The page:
In the minute-long clip, Kunaseharan begins by rounding down the cost of a COE to S$140,000 before dividing it by 10, which is the number of years the permit is valid before it has to be renewed.
He then divides it by the number of days in a year and repeats the process before finally splitting it down to the number of minutes in a day, bringing the value down to S$0.02 – which makes car ownership essentially “free”, he claims in the video.
Kunaseharan told This Week in Asia that while Girl Math is rooted in humour and “delusion”, it also serves as a “coping mechanism” for young people grappling with cost-of-living pressures in the city state.
“Life in Singapore is so stressful, so why not just make some fun out of it? It’s important to treat yourself and reward yourself once in a while, because we may forget that life is really short, and it’s up to us how we want to live our lives,” he said.
“So if Girl Math is what you need to tell yourself that it’s OK to spend that little money on an iced oat latte, then go ahead.”
Personal finance experts say Singapore’s stronger dollar and the loss of precious years to the Covid-19 pandemic are among the factors that propel younger people to splurge, with some even using it as a means of escapism from harsh economic realities.
Studies about the spending habits of Singaporean youth suggest that though rising living costs and emergencies rank top of mind, many continue to struggle with debt and savings.
A survey conducted by insurer Etiqa and published in August, which polled more than 1,000 Singaporean Gen Zs and millennials – aged between 18 and 42 – revealed that 41 per cent spent more than they earned, and 52 per cent were in debt.
He Ruiming, a co-founder of personal finance website The Woke Salaryman, said these spending habits could be fuelled by a belief among young people that long-term goals such as home- or car- ownership are increasingly out of their reach.
“In many countries, young people have given up traditional markers of adulthood, such as owning a home. There is a trend among some segments of the population to make short-term purchases, because they think they’ll never be able to afford long-term ones.”
The trend was also taking place at a time when being in debt has been normalised, He said. “Gen Zs and millennials also live in a time when over-consumerism is glorified – with people constantly talking about their purchases on TikTok and Instagram, we have normalised buying more, and buying beyond our means.”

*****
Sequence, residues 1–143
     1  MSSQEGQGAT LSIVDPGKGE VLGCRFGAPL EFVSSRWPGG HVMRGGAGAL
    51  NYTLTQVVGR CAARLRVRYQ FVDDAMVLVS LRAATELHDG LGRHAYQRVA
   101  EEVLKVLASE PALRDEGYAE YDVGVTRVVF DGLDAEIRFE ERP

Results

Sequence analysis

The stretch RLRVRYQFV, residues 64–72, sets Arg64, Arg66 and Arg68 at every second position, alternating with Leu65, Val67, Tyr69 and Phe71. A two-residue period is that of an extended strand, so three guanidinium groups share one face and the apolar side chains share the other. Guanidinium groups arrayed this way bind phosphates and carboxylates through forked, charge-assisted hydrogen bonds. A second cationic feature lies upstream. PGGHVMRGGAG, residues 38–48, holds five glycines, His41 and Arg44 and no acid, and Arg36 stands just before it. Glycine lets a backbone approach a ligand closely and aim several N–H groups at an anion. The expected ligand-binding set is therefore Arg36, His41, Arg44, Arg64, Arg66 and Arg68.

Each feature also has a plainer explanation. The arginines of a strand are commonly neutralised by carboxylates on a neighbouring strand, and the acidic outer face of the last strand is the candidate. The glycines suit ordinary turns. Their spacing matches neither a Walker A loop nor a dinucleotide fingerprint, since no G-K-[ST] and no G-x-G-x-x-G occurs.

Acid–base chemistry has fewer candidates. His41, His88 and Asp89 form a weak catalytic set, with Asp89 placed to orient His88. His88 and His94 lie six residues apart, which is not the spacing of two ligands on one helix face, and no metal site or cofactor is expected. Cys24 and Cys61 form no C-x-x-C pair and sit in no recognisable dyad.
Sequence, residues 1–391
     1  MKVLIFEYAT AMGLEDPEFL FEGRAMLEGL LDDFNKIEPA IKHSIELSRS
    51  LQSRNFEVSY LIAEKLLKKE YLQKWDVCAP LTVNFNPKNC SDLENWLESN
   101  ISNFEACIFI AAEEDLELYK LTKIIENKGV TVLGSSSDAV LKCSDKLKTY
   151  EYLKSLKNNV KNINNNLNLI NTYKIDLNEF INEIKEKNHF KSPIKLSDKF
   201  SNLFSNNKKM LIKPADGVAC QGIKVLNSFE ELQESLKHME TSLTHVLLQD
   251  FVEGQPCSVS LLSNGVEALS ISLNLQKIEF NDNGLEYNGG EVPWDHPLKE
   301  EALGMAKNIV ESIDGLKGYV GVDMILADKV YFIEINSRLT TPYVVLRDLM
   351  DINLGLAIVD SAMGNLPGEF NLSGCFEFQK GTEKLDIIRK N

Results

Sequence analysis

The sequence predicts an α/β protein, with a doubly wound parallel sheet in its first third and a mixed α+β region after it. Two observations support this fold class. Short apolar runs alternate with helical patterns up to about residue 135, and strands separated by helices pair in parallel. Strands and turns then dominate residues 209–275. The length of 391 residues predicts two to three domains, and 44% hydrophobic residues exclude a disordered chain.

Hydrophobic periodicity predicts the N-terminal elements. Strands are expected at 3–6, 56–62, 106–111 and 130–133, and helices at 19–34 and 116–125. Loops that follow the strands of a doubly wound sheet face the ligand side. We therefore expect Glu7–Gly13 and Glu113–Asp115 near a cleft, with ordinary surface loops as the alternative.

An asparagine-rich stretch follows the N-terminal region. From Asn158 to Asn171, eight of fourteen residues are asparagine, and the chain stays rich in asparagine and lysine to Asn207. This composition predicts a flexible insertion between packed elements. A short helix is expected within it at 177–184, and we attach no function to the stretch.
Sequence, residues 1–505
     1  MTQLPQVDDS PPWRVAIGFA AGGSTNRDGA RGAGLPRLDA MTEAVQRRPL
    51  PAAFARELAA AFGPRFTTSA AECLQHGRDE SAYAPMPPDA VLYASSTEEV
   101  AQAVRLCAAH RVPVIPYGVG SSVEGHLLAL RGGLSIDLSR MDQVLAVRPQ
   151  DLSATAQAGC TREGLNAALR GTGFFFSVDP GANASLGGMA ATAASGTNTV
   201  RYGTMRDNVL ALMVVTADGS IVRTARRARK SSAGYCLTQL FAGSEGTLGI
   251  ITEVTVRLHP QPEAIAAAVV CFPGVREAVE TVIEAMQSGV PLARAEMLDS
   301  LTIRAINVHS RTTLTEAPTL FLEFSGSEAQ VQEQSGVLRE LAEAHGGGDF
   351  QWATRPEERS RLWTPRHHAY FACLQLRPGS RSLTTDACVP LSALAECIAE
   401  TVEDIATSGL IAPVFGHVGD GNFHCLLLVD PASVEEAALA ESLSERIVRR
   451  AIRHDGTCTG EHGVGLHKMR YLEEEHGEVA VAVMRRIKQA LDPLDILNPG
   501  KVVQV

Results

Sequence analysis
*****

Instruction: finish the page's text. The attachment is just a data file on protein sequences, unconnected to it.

Some critics have said the trend not only promotes poor saving habits but perpetuates the notion that women are bad at managing their finances. However, many have also come out to defend the trend as satire, saying it should not be taken too seriously.
Recent graduate Amarpreet Kaur, 25, said that while she used Girl Math to justify day-to-day spending, such as on public transport fares and meals, “a degree of financial prudence should be exercised”.
Rae Chua, 23, who graduated from university last year, noted: “Basically, if you’ve been doing Girl Math already, I think it is OK, but if you change your lifestyle after learning about the trend, then it might be a problem.”
Meanwhile, personal finance experts point out that psychological influences in mental accounting have existed long before Girl Math became a trend.
Lorna Tan, head of financial planning literacy at DBS Bank, said despite the name, methods of mental accounting similar to Girl Math are “gender agnostic”. She cited the example of a man justifying a five-figure purchase of a Patek Philippe watch as “free” since he would “look after it for the next generation”.
“Such examples of mental accounting has been around for a long time, but we are seeing a trend emerge due to the viral nature of TikTok videos,” she said.
Much like emotional bias in mental accounting, Tan said studies had shown that removing emotions from financial decision-making and investing was no easy feat.
She urged young people to consider their finances “holistically”. That meant taking into account how a particular decision could affect another, and having a good grasp of one’s personal balance sheet.
Tan suggested shifting the focus from Girl Math to digital financial advisory tools that users “can have fun with” while watching their money grow.
Amid the chatter about the harms of the trend, Kunaseharan cautioned against reading too much into it all, saying it is “really about finding joy and being kind to yourself”.
“Don’t Girl Math everything and recklessly spend money, but it’s also about the little things we can find to reward ourselves once in a while.”